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The Mystery of the Afghanistan War

March 4, 2010

By  Christopher King | Middle East Online

A situation exists in which it may be in the interests of the United States to seek a ‘cold war’ situation with Russia and China as a pretext for defaulting on its external debt, attacking Iran, taking direct control of all Middle Eastern oilfields and effective control of Europe.

Let us consider a puzzle about the Afghanistan war. Recently, Lieutenant-General Hamid Gul, formerly of the Pakistani army and head of the country’s Inter-Service Intelligence (ISI) agency (1987-89), remarked: “In this situation, what are the Americans trying to achieve – I don’t know. There is much ambiguity about their political objectives. Every military conflict must have a political purpose. I cannot discern that there is any political purpose.”

 

Economic irrationality of US wars

I had been thinking the same thing. General Gul had a key role in supplying matériel to the Afghan mujahidin and their defeat of the Soviet Union. He knows what is going on. If General Gul with his background and connections cannot understand American political objectives, they must be very unusual. He surmises for want of a better explanation that the motivation is domestic American politics. I have said previously that these wars are primarily for the US to consolidate its control of Europe and its economy through US bases and NATO. I believe this to be the US’s European objective but it cannot be the entire picture either.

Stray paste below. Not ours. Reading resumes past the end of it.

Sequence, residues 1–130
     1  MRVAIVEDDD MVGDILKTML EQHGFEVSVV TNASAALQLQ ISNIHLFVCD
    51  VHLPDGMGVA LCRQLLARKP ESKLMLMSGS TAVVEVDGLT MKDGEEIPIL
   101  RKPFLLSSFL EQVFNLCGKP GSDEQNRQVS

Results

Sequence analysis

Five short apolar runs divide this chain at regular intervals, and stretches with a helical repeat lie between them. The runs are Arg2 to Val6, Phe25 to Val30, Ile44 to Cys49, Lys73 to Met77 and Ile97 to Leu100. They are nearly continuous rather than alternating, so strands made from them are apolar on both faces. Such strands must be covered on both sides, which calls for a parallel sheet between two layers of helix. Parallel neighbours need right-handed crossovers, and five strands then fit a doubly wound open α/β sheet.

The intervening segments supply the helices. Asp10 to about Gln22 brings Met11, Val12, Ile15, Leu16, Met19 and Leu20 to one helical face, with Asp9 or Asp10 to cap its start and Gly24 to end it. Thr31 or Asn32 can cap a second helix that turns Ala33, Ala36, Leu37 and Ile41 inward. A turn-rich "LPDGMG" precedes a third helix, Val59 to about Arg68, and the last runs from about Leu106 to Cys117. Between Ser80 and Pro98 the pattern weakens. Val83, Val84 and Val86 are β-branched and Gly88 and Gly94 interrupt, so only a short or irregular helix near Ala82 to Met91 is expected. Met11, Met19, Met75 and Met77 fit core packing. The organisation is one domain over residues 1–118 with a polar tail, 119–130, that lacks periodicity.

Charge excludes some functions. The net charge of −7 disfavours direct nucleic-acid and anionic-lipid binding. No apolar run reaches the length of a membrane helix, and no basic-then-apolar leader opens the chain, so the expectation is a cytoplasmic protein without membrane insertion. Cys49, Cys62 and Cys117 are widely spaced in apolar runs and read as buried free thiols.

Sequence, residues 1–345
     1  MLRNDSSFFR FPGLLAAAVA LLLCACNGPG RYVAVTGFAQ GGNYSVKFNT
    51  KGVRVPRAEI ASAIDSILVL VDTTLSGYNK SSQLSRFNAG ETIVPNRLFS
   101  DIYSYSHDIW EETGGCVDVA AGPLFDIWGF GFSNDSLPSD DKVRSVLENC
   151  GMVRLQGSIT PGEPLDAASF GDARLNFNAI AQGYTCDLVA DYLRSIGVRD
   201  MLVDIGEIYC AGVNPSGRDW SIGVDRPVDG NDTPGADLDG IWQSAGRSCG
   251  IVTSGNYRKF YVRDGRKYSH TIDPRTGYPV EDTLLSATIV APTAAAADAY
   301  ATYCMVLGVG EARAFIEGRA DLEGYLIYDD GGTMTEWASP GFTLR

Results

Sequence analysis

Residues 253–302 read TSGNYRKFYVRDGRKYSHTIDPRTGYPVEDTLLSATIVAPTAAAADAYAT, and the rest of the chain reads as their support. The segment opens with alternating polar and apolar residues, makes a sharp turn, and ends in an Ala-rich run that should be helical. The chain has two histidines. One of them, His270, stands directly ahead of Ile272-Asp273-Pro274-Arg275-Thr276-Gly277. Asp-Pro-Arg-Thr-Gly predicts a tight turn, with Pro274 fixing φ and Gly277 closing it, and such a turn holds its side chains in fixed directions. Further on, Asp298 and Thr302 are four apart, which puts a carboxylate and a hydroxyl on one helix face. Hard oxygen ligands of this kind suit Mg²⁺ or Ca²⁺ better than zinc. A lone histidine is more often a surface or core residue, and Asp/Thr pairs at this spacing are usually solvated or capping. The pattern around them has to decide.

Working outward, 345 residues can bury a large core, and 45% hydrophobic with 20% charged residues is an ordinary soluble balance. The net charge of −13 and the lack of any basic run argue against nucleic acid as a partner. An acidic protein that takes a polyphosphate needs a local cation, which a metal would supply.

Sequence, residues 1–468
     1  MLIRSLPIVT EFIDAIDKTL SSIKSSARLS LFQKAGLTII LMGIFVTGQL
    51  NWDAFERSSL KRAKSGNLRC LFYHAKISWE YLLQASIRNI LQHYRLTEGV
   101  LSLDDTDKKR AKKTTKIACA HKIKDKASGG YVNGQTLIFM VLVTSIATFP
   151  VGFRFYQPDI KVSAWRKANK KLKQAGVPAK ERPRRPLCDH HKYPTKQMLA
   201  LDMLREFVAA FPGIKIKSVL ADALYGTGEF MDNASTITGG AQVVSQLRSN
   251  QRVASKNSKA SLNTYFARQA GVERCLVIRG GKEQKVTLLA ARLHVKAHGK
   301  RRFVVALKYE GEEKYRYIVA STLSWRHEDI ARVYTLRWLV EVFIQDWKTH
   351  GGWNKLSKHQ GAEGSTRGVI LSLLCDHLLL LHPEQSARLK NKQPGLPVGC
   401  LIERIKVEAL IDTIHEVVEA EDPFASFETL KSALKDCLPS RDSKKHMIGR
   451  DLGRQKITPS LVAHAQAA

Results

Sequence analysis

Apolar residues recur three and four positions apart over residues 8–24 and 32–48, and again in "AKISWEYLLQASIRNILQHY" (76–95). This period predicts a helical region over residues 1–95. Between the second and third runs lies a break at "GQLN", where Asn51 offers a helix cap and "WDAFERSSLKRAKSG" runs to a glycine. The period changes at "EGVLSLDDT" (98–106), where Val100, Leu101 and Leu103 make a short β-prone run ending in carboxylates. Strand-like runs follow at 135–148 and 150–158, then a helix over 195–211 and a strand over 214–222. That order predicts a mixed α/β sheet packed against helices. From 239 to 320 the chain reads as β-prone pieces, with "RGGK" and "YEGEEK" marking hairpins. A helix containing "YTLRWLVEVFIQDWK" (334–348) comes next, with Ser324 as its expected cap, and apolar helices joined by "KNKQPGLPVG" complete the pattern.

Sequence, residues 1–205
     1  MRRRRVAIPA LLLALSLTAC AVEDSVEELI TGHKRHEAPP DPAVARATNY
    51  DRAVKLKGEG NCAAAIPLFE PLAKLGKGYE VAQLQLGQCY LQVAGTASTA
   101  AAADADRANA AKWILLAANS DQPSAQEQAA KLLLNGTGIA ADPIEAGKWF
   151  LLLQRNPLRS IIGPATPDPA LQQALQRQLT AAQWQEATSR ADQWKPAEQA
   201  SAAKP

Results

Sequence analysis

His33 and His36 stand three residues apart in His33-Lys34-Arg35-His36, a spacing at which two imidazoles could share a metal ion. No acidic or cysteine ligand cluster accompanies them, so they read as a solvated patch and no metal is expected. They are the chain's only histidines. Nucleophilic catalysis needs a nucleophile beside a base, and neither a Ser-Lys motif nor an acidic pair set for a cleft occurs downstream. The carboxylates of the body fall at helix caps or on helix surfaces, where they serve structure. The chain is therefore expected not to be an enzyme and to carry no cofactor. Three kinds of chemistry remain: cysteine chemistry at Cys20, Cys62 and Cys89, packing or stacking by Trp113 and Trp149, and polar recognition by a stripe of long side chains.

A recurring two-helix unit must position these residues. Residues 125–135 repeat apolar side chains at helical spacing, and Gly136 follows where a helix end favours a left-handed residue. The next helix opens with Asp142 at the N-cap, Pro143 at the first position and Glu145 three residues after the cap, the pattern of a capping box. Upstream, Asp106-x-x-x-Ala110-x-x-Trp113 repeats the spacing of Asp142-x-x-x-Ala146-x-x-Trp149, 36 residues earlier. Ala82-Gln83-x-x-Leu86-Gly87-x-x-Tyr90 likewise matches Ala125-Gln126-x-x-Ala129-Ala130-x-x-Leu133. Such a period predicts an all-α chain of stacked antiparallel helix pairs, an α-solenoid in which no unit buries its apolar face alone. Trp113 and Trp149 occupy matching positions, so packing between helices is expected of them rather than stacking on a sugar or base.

What may be puzzling General Gul is the cost of these wars. Their cost is completely disproportionate to any evident benefits. An estimate for all-in costs for the Iraq and Afghanistan wars is USD 3 trillion to date. There is no evidence that the US is getting a commensurate return from its occupation of Iraq; nor that there is any significant return to be had from Afghanistan beyond perhaps building some pipelines that might more easily have been built by bribing the Taliban. This figure demands a very good reason – something at whole-country economic level.

The US might be acting irrationally in endangering its economy by diverting resources from essential economic restructuring for religious reasons, party electoral advantage or feeding its military-industrial complex. Alternatively, these invasions are part of a rational plan. Let us assume that a rational strategic plan underlies them and make an attempt to identify it. We should also assume that to justify the enormous cost of these wars there must be an economic motive since they are wars of choice. We should note too that they take place in a world context of increasingly scarce and costly commodities and energy supplies, an increasing world population and the rise of the Asian economies.